A visit to Mama’s Pizza across the railroad tracks on West Berry Street is a journey into TCU’s past. Decades-old memorabilia lines the walls, grainy color photos of basketball players collect dust and students still get discounts at the front counter. But in the 21st century, the windows succumb to grime and the tables hold few students.
Such is the case with most of the stretch of Berry Street between University Drive and I-35W, a forgotten corner of the university community, now most commonly known as simply “Scary Berry.”
The City of Fort Worth’s Berry Street Initiative, laid out at length in a June 2011 town hall meeting, calls for extensive redevelopment of the stretch of road. The initiative aims to create a livable, connective center with new buildings, zoning, streets, parks and even a commuter rail station. Public and private investment put over $215 million into the project between 2001 and 2011, with results already visible near TCU.
Yet more work is essential. The city and its partners, along with the university community, must support the completion of the initiative for its great economic, social, aesthetic and cultural impacts. TCU must, in turn, strive to be a leading advocate for Berry Street, lest an institution with assets totalling more than one billion dollars fails to be civically responsible to a next-door neighbor in need.
Economically, the renovation and opening of businesses in the Berry Street corridor will stimulate investors, bring activity and purchasing power and create jobs for Fort Worth residents. Other such developments, notably the West 7th Street area, have witnessed explosive growth in economic activity from renovation work.
Public-private collaboration in this way maximizes resources and secures the neighborhood’s future.
Design concepts for the Berry Street Initiative call for mixed-use buildings and a walkable, community feeling. Part of the popular New Urbanism movement in city planning, the Berry Street of tomorrow can create social stability, reduce fuel and utilities costs and return the idea of neighborhood to its original intent: a place of gathering between diverse groups sharing the same space.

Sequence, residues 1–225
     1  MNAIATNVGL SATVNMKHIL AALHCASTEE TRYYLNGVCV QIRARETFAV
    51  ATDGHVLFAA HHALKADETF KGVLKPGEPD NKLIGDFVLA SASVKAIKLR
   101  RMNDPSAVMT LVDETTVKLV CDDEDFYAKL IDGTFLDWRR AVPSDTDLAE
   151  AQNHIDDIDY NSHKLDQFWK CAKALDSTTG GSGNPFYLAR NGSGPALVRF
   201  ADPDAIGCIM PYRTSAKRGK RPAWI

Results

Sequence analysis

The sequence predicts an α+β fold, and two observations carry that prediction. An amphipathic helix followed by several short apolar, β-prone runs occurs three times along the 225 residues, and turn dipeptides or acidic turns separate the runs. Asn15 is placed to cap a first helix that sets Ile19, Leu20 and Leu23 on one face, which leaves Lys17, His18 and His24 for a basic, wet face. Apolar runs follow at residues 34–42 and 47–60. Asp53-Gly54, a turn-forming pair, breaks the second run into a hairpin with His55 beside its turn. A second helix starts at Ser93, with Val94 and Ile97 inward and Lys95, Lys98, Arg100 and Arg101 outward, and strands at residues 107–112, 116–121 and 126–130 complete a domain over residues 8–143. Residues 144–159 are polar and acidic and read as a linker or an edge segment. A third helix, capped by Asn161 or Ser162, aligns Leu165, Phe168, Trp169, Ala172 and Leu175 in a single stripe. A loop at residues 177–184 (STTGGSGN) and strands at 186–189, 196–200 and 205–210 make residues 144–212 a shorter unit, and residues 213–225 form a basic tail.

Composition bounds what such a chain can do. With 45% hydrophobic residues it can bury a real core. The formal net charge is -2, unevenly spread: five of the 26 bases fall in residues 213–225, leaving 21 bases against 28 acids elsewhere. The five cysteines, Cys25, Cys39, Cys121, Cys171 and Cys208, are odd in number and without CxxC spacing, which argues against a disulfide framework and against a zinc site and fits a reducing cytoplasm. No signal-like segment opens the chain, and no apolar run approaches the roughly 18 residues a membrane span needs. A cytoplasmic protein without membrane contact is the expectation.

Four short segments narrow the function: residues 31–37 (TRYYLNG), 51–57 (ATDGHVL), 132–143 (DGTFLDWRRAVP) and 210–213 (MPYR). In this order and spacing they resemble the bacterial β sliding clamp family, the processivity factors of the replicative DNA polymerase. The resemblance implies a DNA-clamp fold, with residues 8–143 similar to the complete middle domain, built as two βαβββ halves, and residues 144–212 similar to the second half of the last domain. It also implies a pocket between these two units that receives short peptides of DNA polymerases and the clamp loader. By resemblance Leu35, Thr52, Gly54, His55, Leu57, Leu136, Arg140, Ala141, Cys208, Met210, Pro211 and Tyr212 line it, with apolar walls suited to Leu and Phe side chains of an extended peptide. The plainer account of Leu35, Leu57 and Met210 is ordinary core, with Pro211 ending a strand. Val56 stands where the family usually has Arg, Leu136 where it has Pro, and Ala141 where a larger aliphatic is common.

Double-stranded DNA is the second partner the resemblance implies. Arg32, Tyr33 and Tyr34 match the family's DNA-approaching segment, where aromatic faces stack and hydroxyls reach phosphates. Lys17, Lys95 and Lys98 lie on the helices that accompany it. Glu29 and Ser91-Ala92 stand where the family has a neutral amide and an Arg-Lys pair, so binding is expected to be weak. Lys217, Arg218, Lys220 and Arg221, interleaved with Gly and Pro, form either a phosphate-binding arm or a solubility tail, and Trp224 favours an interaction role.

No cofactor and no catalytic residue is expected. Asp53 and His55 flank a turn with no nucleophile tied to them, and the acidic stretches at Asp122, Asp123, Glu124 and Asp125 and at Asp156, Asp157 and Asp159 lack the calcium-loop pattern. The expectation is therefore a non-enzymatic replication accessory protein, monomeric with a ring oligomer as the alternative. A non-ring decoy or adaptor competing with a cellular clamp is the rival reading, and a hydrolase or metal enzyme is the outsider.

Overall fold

Furthermore, the addition of a TRE Rail stop is an important step in sustainability and environmental sensitivity. The development project brings Fort Worth closer to being a modernized, exemplary city consistently ranked in the top 10 of best places to live and work in the United States.
However, crime is a painful reality up and down the Berry corridor. TCU crime alerts frequently report incidents on or immediately off the avenue. Fort Worth arrest records reveal thefts, assaults and burglaries committed in the area.
The economic and social benefits combined with a better appearance can reduce crime and improve law enforcement. Over time, the street can lose the “scary” moniker and become a desirable destination for residents and students alike.
Long-term results are in the realm of prediction, but some evidence already rests in the present. The inaugural West Berry Block Party happened in April 2011, with plans to continue, and new construction projects hold promise.
A new culture and a possibility of growth surround West Berry, but its success depends in part on our investment as a university. Try Mama’s Pizza sometime, and get the ball rolling.
Pearce Edwards is a junior political science major from Albuquerque, N.M.